GUEST WORDS--I came out as bisexual to more than 43,300 people last year in a Daily Bruin column. But my parents weren’t among them.
It may be 2016, but it can still be risky for someone to publicly identify as LGBTQ, undocumented or as part of any other marginalized group. And the holidays may be especially difficult for closeted individuals. Even someone who is out to her siblings, but not her parents or the other adults in her life, like me, can struggle.
My internal monologue is always running at family gatherings. I am constantly eyeing everyone in suspicion and worrying that someone might expose my identity. And it doesn’t help that the holidays are painted as a time when families lovingly gather in peace and harmony.
Despite coming out to the UCLA community and receiving support on campus, it is difficult to translate that same support at home. UCLA is a progressive bubble. It is not reflective of the rest of the world, and certainly not reflective of my family.
But it’s precisely this difference in thought we students have to embrace and face. Simply dismissing the other side inflames tensions. And what better time to reach out than the holidays? This is the one time of the year when you are with family and everyone is taking a break from the daily responsibilities of school and work.
This month’s events have brought to the forefront issues of racism, sexism and homophobia that have been quietly simmering. They inflame the hurt of being rejected or only partly tolerated rather than fully accepted by my family. But while we are able to create our own online echo chambers free of triggering ideas from the other side, unfriending your racist and homophobic uncle on Facebook is not likely to keep him away from the Thanksgiving dinner table back home.
Since the first time my tongue slipped and called UCLA “home,” I realized the stark contrast between the definition of the word and the place it represents. Home is a feeling of comfort and acceptance, whereas being home may not elicit those same emotions.
I, like many first-generation students of color, grew up in a pivotal position for an immigrant family. My parents grew up on small ranches in Mexico. They raised cattle and chickens and grew corn to make bread and tortillas. Their life was simplified to homemaking and cleaning for the women, and yard and paid labor work for the men until they each met a partner to have their own children with. This lifestyle they grew up with did not leave much room for experimenting alternative lifestyles, let alone deviating from the patriarchal and heteronormative culture.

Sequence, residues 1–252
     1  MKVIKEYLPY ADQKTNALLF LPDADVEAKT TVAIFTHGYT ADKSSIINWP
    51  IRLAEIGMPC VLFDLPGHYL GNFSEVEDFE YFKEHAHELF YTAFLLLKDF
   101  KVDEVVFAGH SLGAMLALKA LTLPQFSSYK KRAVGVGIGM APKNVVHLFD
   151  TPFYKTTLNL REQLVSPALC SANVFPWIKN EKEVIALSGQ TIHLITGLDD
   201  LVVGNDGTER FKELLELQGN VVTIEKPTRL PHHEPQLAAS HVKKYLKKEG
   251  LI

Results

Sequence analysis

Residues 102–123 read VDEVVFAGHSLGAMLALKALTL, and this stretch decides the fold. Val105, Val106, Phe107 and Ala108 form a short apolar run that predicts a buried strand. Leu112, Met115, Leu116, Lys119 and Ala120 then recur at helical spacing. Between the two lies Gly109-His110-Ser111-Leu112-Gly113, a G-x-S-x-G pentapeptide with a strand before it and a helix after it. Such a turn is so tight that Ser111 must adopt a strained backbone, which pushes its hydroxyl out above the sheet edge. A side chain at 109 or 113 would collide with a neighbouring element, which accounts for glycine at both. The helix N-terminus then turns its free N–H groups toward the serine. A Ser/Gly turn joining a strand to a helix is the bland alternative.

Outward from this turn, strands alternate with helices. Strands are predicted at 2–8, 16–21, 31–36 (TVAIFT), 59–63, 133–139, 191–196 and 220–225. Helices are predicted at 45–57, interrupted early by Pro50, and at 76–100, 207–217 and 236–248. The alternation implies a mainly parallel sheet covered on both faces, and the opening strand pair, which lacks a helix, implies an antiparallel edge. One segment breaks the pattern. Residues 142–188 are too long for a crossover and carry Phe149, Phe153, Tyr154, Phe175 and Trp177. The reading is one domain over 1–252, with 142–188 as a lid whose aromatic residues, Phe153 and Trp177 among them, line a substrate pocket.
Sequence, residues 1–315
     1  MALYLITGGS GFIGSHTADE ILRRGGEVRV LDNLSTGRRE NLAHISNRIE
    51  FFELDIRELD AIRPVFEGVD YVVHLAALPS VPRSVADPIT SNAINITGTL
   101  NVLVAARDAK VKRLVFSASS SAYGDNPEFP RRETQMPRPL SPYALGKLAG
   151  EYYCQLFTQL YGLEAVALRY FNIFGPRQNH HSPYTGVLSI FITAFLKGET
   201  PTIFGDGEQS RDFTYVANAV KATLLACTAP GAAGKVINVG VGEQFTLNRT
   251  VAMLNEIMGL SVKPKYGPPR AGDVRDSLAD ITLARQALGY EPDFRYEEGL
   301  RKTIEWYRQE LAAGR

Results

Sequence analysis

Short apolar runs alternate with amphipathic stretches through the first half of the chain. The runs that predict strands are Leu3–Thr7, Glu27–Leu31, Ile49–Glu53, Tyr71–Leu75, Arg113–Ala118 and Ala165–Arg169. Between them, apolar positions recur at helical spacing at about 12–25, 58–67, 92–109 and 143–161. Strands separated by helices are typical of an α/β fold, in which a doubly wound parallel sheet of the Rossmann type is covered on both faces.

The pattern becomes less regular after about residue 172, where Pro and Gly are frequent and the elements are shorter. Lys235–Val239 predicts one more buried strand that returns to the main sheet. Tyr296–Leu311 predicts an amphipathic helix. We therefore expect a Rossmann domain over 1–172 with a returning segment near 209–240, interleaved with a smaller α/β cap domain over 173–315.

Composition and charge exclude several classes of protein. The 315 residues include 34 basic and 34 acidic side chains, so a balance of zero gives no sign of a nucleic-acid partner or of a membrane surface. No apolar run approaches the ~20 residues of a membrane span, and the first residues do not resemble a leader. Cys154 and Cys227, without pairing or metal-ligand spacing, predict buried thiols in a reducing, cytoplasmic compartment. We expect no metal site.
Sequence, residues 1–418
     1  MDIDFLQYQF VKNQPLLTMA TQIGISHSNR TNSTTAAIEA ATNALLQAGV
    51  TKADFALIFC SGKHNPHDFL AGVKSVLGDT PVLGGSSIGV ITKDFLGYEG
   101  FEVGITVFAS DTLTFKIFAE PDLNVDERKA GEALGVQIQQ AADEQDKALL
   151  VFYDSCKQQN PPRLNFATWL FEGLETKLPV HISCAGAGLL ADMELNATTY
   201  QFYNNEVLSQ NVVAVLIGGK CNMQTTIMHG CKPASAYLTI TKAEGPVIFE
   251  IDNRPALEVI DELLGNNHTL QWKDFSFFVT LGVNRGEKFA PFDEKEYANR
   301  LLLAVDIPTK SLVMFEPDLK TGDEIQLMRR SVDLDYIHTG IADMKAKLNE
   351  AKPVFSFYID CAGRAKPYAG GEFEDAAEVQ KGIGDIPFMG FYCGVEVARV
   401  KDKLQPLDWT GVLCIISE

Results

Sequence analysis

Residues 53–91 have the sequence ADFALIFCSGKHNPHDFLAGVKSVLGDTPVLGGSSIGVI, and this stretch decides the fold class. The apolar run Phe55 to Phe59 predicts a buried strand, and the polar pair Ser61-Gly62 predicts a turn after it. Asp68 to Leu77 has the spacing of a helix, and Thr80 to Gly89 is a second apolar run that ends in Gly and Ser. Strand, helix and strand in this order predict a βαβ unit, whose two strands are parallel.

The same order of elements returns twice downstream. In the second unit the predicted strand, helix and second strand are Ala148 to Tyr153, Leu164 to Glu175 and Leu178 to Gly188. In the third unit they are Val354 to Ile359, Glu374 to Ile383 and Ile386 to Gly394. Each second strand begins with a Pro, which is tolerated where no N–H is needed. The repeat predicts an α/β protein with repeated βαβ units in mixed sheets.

My parents never studied past sixth grade. They never went to a university to learn about the things they do not know and they did not have the opportunity to socialize with the diverse set of individuals that colleges bring together. But with the growing visibility of the LGBTQ community, they engage the only way they can: making homophobic jokes – sometimes in front of me.
But this difference in viewpoints is natural. I have met many diverse people, heard from a wide array of speakers and read books that my parents have not. I, like every other Bruin, have been exposed to these differences in thought and have had the had the chance to analyze both sides of the ideological spectrum in a classroom setting. But my parents – and many other students’ – aren’t currently participating in these kinds of discussions, so it’s expected we diverge in opinion.
UCLA is a world all its own, but very few will call it home forever. As students of the country’s most applied-to university, we are put on a pedestal as examples of progressive citizens. And despite how diverse a picture UCLA paints on its brochures, the real test begins the moment you leave campus. The college bubble will eventually give way to the real world full of differing opinions – good and bad – and we need to confront and accept these differences if we are to pay homage to our education.
Whether you’re liberal or conservative, you’ll meet other people with different opinions from yours. And when you graduate, you will continue to be tested on what you have learned at one of the top public universities in the world.
For me, not confronting ideological disagreement with family members would cause them to reject me and my identity. And it’s no surprise that in return, I would reject them, despite my familial ties and everything I learned at UCLA about being a leader. You cannot reject your family during the holidays because of different viewpoints because your family ties and environment are likely to bring you together.
Confrontation does not burn bridges, avoiding it does.
Moral and social progress is not linear or inevitable. It is difficult and daunting. You cannot, and should not, reject those with whom you disagree.
So open up, listen and agree to disagree. ‘Tis the season for family and love, after all.
(Jasmine Aquino posts at The Daily Bruin … where this perspective was first published.)